Transforming WOOL


The wool used as raw material in the workshops D’ UN PAS FEUTRÉ, aims to encourage the development of rare or endangered breeds of sheep, offering a beautiful diversity of fleece types, adapted to each project. We mix different types of materials and colors during the carding process and are delighted to discover new wools during artist residencies or other out-of-studio projects.

The entire wool transformation process is carried out with a constant concern for health and the environment (soaps, dyes…). This is an integral part of our mission and know-how.


Characteristics :
Felt is essentially a “non-woven” (threadless) fabric, whose fibers are amalgamated, under the combined effect of friction and humidity, without any other binding component. The majority of animal fibers of “WOOL type” (known as protein fibers) can felt and full naturally. Traditional felts are made from this unusual property!More recently, the “felt effect” can be reproduced on any type of fiber by the mechanical use of “felting needles”, such as for example for commercial felt.

Depending on the base materials and techniques used, felt can be made soft or rigid, thin or thick, raw or refined and be composed of several types of fibers. It can be embroidered, beaded, sewn, pleated, cut, moulded, dyed…



Felt is recognized as the oldest form of textile in the world …

The oldest felt artefact found, dates from the Neolithic period (6500-6300 BC). Others come from the Bronze Age and the Iron Age. One of the most famous is a large felted mural measuring 4.5 by 6.5 meters, demonstrating appliqué, mosaic and insertion techniques, accentuated with rich embroidered motifs. It was found in a tomb on the high plateaus of the Altai Mountains in Pazyryk, Siberia. It can be admired in the Leningrad Museum.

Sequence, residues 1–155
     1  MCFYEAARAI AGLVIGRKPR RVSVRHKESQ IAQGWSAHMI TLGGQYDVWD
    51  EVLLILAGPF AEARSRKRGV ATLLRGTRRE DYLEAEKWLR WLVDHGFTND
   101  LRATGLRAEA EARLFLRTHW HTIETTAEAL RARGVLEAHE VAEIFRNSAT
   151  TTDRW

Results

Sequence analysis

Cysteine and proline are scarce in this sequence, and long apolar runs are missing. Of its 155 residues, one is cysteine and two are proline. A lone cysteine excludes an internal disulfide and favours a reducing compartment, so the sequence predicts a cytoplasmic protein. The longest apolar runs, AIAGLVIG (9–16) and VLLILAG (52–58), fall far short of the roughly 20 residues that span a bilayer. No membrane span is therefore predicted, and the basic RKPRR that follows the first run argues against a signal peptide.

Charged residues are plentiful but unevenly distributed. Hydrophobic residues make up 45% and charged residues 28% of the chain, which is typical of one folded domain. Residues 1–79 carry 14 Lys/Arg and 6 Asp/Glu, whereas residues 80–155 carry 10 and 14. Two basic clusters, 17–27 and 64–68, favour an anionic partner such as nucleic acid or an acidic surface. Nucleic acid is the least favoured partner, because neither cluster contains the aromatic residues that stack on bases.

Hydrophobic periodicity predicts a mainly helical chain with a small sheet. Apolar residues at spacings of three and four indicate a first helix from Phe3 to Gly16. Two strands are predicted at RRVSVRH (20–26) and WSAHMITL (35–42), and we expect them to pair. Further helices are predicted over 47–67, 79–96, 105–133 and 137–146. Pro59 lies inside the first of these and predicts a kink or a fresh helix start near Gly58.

Masks, protective capes, decorated saddle blankets for horses, ornaments and ceremonial clothing, remarkable blankets, stockings and shoes, colorful design carpets … all demonstrating an impressive degree of ancestral know-how in the field of felt making.

The Greeks doubled their helmets’s inside with felt, the Romans, as well as Chinese warriors, wore felt breastplates as protection. From Turkey to Mongolia, nomadic peoples made “yurts”; a transportable circular house made of felt panels and wooden frames. In North Africa, nomads have felt tents. Not to mention the clothing found in Egypt…

North America was explored through the beaver fur trade to fuel the thriving beaver hat felt manufacturing industry! These hats became a symbol of social status from 1600 to 1850 .

In general, felts were made by wetting, beating, rolling, or pressing the fiber. 



  • Does not accumulate static electricity, therefore does not attract dust.

  • Flame resistant, does not encourage combustion (does not melt).

  • Acoustic.

  • In the case of felt, easy maintenance and washing, because the wool is already fulled!

  • Anti-allergenic: does not encourage the growth of mites or bacteria. Wool fibers are too long to be inhaled and do not affect asthmatics.

  • Natural fan: purifies the air by absorbing air pollutants and gases. Can absorb 1/3 of its weight in humidity and therefore acts as an atmospheric controller.

  • Healthy for the environment: Renewable and biodegradable resource.

  • Noble, warm and inviting material.

  • Flexible, versatile and adaptable (wide variety of natural textures and colors).

All in all, a good investment!